Rwanda is set to host the regional headquarters of Wildlife Conservation Society (WCS) following a presidential order signed by President Paul Kagame and issued in the national gazette. Founded in 1895, Wildlife Conservation Society is an NGO with headquarters in New York with the aim to conserve the world's largest wildlife and wild places in 14 priority regions home to more than 50 percent of the world's biodiversity.
COVID & the Ba’Aka Tribe of Dzanga-Sangha – WWF
In the age of COVID-19, there are many new routines for all of us. Quarantines and social distancing do not come naturally to most human beings, nor do they always look the same across the various cities, communities, or countries in which we live. Thousands of miles away in the Central African Republic (CAR), the Indigenous Ba’Aka tribe of Dzanga-Sangha is taking social distancing to the next level.
The story of Dzanga-Sangha
Dzanga-Sangha Protected Areas complex, one of three sister areas that makes up a UNESCO World Heritage site, protects part of the planet’s second-largest rain forest, the Congo Basin. The Congo Basin forest, incredibly rich in biodiversity, including endangered species like elephants and gorillas, has been inhabited by humans for more than 50,000 years and is home to nearly 150 distinct ethnic groups, including the Ba’Aka people. A tribe with deep roots in an ancient hunter-gatherer lifestyle, the Ba’Aka depend on Dzanga-Sangha’s abundance of natural resources for things like food and traditional medicines and to sustain their livelihoods through ecotourism and the like.
When WWF first helped establish Dzanga-Sangha in 1990, it was conceived as a protected area that could provide refuge for wildlife and opportunities to secure better lives for the Ba’Aka. As part of a holistic and inclusive approach to conservation, WWF works with the government, the Ba’Aka people, and other community stakeholders to protect this biodiversity hot spot and to support and improve the livelihoods of the Indigenous peoples and other communities who live there. Together, over the last 30 years, a hospital was built, ecotourism programs cultivated, projects to protect wildlife implemented, and much more. Partnering with the local community in all these initiatives is not only critical for success, it is a key tenant of WWF’s approach to conservation.
The Ba’Aka and COVID-19
When the World Health Organization officially declared the COVID-19 outbreak a pandemic in mid-March, WWF had to immediately pause some field programs and conservation activity to try to mitigate the spread of the virus. Ecotourism came to a screeching halt and some of WWF’s usual community engagement was suspended to protect the local people.
In a country with very limited health infrastructure, transmissible diseases can have catastrophic impacts to Indigenous communities. Isolation is the Ba’Aka’s best defense against the virus. Much of the tribe grouped themselves by family or village and left their more urban communities to return to their hunting camps in the forest to practice their best version of social distancing.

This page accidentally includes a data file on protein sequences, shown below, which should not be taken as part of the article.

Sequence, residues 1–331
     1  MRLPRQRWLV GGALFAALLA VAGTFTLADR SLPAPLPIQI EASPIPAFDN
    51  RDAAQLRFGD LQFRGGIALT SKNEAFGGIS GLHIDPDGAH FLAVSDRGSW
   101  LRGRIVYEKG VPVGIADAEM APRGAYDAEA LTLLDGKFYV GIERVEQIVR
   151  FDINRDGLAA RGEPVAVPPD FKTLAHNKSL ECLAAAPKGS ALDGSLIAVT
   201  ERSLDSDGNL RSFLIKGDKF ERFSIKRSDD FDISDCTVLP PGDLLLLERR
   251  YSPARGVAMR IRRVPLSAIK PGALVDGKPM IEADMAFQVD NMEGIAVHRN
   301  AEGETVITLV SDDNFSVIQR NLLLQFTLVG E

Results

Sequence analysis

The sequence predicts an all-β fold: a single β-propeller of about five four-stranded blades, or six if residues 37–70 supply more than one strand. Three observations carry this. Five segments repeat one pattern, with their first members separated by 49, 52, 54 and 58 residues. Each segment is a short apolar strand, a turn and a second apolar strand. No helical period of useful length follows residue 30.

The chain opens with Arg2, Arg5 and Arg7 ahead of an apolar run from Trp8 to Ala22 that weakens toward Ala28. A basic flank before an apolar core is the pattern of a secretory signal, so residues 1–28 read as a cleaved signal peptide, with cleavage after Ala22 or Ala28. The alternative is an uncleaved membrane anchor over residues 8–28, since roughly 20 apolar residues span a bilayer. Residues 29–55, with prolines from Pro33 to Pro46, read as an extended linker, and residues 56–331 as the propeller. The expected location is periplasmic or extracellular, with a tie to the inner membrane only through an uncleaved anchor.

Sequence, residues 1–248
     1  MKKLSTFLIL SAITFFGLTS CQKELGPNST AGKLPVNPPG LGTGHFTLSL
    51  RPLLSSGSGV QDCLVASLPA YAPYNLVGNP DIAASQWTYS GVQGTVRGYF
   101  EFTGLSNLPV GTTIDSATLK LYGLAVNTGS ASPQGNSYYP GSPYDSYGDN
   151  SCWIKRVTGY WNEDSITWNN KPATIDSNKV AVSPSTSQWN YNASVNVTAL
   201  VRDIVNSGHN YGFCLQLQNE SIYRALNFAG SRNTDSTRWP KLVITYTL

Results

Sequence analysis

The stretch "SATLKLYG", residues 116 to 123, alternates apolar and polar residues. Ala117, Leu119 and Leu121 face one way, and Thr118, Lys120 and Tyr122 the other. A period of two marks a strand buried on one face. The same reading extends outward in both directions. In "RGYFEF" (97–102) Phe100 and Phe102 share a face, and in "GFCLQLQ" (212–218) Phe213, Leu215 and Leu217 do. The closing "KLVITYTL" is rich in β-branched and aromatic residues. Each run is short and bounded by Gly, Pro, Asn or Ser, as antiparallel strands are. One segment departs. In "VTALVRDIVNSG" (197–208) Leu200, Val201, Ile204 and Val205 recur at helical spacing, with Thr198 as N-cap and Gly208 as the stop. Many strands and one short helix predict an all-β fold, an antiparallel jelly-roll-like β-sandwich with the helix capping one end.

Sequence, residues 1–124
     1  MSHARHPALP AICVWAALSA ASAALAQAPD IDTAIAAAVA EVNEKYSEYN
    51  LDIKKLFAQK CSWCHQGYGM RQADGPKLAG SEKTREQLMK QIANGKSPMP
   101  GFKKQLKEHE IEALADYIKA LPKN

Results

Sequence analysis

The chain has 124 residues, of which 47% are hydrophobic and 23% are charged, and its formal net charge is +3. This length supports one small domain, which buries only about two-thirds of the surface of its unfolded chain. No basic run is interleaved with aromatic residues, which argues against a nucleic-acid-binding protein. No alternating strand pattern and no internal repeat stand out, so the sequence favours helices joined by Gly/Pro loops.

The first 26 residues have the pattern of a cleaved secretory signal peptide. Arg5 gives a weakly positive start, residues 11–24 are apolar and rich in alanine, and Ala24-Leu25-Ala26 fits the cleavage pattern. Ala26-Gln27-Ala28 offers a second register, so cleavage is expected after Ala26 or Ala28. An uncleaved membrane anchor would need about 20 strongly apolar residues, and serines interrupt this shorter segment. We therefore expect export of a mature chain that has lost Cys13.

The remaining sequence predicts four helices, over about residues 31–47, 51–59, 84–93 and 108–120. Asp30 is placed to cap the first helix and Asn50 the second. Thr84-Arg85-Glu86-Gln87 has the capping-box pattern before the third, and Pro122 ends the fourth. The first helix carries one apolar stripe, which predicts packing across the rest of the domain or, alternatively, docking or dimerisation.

While typical community engagement is on hold, WWF continues to support the Ba’Aka people in this incredibly trying time. In order to limit the tribe’s interaction with others and help them stay healthy as they isolate in the forest, Ba’Aka community representatives were designated as points of contact to meet with a select few WWF staff who provide them with food, health care, and essential supplies. These efforts support over 3,000 people, ensuring they have what they need as they wait out the proverbial storm in their camps.
Researchers consider the benefits of conservation retreat: smaller reserves and focused funding – Anthropocene magazine
Decades of declining herbivore populations in central African national parks have conservation scientists arguing that smaller reserves might be better for wildlife. As conservationists press for a major expansion of protected habitat around the world, scientists with years of experience in central Africa say new evidence calls for just the opposite in the region.
At the beginning of this year, we learn that Ben Gunneberg is leaving his position as CEO after 22 years at PEFC. ATIBT wishes him the best for the future.
ClientEarth launches this month a consultation on women's rights in the forestry sector in Gabon and the Republic of Congo
This mission will focus on the status of women's rights in the forestry sector legislation applicable in Gabon and support to Gabonese and Congolese civil society through capacity strenghting and gender inclusion.
ATIBT has conducted numerous press actions throughout 2021 mainly around Fair&Precious brand. A look back at these advocacy activities for a sustainable trade of tropical timber.
The year 2021 ended with excellent news for the Congo Basin PAFC project: the scheme is now recognized by the PEFC Council!
For decades, Fern and partners have campaigned to strengthen the rights of forest peoples and protect and restore forests. There have been locust years, when things went backwards, and harvest years, when plans come to fruition. Gratifyingly, 2021 was a year in which the forest movement achieved outstanding successes and we enter 2022 energised and ready to defend and build on them.
New paper Paul Scholte et al. : Conservation overstretch and the long term decline of wildlife and tourism in the Central African savannas
When in 2010 the world's governments pledged to increase protected area coverage to 17% of the world's land surface, several Central African countries had already set aside 25% of their northern savannas for conservation. To evaluate the effectiveness of this commitment, we analyzed the results of 68 multispecies surveys conducted in the 7 main savanna national parks in Central Africa (1960-2017).